Are you passionate about good food and healthy living? Then it's time to learn more about the work of nutritionists. These professionals are on the front lines of the fight against obesity and chronic disease. They work with clients, either individually or in groups, to promote smart food choices, and you will often find them performing the following duties:
Assessing the diet and health needs of a client or patient.
Educating clients on healthy eating habits and other nutrition issues.
Developing meal plans that meet an individual's nutrition goals.
Documenting patient progress to goals.
Following the latest research in the field of nutrition.
Some nutritionists may be part of a larger medical team working with a particular patient. Others may be self-employed and provide consultation services to individuals who are seeking to improve their overall health. Still others may be part of public health campaigns to promote good nutrition and encourage communities to adopt healthier habits.
Intrigued? Read on to find out more detail, and check out this snapshot of nutritionist career info as compared to related careers:
|Career||Total Employment||Annual Mean Wage||Projected Job Growth Rate|
|Dietitians and Nutritionists||62,980||$60,150||14.1%|
How Much do Nutritionists Make?
The BLS reports that the mean annual nutritionist salary in 2014 was $57,440 nationwide. The top 10 percent of workers in the field earned $79,840 or more, and the bottom 10 percent of earners took home up to $35,040 on average.
As with any career, nutritionist salary expectations vary from employer to employer. Here's a list of the top-paying industries in the U.S. for nutritionists in 2014, according to the BLS:
- Educational support services: $82,280
- Federal executive branch: $69,450
- Home health care services: $66,650
- Insurance carriers: $65,680
- Outpatient care centers: $61,850
The area of the country where you find employment can also have a powerful effect on salary potential. These five states had the highest annual average salaries for nutritionists in the U.S. in 2014, according to the BLS:
- California: $72,010
- Maryland: $66,340
- Nevada: $65,600
- Connecticut: $64,970
- New Jersey: $64,910
However, an above-average salary may not feel like much if the cost of living in a particular area is just as high. Working in a city with a relatively low cost of living can help increase the value of every dollar of your salary. Here are a few 2014 nutritionist salary averages for metro areas whose states fared well on the Cost of Living Index (COLI) released by the Center for Community and Economic Research for the first quarter of 2015:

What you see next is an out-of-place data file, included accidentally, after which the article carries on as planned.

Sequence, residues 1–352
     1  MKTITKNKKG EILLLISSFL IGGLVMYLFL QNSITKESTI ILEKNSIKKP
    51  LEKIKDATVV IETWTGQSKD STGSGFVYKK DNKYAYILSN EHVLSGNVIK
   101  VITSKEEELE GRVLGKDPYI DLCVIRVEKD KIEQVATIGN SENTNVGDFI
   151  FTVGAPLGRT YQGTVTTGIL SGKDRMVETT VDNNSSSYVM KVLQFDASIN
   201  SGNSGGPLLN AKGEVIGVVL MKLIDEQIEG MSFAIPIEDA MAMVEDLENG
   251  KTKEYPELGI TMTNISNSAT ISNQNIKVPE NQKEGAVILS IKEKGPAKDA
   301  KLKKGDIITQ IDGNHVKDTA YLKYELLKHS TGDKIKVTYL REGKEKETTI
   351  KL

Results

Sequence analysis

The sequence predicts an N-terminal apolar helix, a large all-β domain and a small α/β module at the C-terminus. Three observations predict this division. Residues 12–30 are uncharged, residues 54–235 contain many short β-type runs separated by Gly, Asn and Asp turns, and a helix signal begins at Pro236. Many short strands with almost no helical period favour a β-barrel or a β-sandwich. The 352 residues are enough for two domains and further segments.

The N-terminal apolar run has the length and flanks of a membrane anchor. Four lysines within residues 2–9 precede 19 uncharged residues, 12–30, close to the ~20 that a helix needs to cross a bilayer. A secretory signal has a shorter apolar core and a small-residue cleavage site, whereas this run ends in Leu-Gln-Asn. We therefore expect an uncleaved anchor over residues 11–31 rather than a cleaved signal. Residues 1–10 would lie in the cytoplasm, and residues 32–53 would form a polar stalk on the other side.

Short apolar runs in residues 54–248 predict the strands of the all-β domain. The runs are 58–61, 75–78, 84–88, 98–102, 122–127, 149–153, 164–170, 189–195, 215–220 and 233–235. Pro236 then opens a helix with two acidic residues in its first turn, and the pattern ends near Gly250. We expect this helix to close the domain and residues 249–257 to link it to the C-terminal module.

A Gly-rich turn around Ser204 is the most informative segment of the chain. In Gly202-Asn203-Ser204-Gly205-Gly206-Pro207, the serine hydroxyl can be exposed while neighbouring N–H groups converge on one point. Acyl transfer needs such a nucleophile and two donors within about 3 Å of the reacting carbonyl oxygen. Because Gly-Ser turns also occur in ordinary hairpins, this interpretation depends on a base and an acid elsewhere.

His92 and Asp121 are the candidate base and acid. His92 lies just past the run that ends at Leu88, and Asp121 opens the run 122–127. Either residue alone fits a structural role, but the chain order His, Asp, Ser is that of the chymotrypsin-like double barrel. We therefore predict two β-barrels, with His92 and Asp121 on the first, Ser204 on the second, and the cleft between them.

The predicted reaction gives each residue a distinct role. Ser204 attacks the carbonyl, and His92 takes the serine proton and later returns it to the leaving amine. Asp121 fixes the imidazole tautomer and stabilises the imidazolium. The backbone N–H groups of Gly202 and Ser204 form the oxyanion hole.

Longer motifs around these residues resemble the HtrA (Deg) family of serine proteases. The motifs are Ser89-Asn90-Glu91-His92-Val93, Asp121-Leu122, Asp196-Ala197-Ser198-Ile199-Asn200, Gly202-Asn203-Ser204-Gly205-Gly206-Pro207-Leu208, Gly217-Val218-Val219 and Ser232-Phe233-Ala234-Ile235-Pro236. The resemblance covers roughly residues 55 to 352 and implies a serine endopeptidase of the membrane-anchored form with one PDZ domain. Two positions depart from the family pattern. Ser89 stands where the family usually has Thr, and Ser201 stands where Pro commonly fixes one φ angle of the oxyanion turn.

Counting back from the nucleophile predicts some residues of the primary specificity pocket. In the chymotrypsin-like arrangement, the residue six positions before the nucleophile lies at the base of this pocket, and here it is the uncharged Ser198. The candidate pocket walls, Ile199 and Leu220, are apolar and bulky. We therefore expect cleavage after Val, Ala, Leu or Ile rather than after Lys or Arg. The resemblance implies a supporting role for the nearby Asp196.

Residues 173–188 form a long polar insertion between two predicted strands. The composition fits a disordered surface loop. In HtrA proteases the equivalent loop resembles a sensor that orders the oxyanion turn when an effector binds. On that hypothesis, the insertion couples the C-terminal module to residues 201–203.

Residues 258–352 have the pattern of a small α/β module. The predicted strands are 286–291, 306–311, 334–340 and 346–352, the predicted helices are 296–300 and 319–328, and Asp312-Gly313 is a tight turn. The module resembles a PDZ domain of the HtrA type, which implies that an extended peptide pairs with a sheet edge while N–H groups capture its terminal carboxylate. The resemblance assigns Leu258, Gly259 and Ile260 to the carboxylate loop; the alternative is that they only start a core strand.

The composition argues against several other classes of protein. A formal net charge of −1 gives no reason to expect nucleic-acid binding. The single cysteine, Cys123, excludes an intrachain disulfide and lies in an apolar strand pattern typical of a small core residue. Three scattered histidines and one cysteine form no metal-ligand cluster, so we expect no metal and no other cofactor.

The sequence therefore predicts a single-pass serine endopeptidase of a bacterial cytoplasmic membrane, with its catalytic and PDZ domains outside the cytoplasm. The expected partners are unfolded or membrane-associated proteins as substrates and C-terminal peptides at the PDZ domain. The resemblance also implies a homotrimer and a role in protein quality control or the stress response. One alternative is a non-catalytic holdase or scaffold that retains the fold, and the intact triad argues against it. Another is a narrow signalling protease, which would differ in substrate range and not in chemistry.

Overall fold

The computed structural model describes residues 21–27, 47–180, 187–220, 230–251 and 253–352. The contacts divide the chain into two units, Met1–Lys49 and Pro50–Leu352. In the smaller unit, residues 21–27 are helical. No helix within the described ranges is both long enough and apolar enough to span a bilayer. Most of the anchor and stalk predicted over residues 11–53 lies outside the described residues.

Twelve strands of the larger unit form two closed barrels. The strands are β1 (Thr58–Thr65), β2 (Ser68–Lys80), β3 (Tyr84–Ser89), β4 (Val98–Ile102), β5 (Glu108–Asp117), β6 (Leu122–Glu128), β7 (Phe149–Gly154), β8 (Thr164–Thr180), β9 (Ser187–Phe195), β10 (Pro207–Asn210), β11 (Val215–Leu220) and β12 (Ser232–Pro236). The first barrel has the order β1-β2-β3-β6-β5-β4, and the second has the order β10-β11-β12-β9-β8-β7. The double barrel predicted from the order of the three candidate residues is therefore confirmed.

- Biloxi, Mississippi: $61,450 mean annual salary; state ranked 1st in affordability
- Lansing, Michigan: $61,570 mean annual salary; state ranked 8th in affordability
- Clarke County, Georgia: $62,050 mean annual salary; state ranked 10th in affordability
Occupational Requirements and Job Types
All nutritionists and dietitians need at least a bachelor's degree in dietetics, foods and nutrition, or food service systems management. Additionally, some states require aspiring nutritionists and dietitians to pass a licensing exam before they can legally practice.
In states where licensure is not required, it is still recommended, as many employers prefer hiring nutritionists with national credentials. For more information on the topic, check out this infographic on how to become a nutritionist or contact schools in your area to find out about their programs and requirements.
Nutrition professionals can be classified into several different job types. Here are some of the most common categories for those working in the field.
- Clinical dietitians gather information on patients' dietary restrictions to plan meal programs at long-term care facilities such as hospitals and nursing homes.
- Community nutritionists counsel individuals or groups about ways to make healthy food choices when grocery shopping and dining out.
- Management dietitians oversee menus and preparation standards in cafeterias, prisons, schools and other institutions with high-volume food production.
- Nutritional consultants work on contract or in private practice to target a patient's specific wellness goals, such as weight loss or lowering cholesterol.
The difference between a nutritionist and a dietitian is based on their licensing — specifically, a nationally recognized credential as a registered dietitian — but both generally start with a degree in nutrition, and the general focus of the two jobs can be quite similar.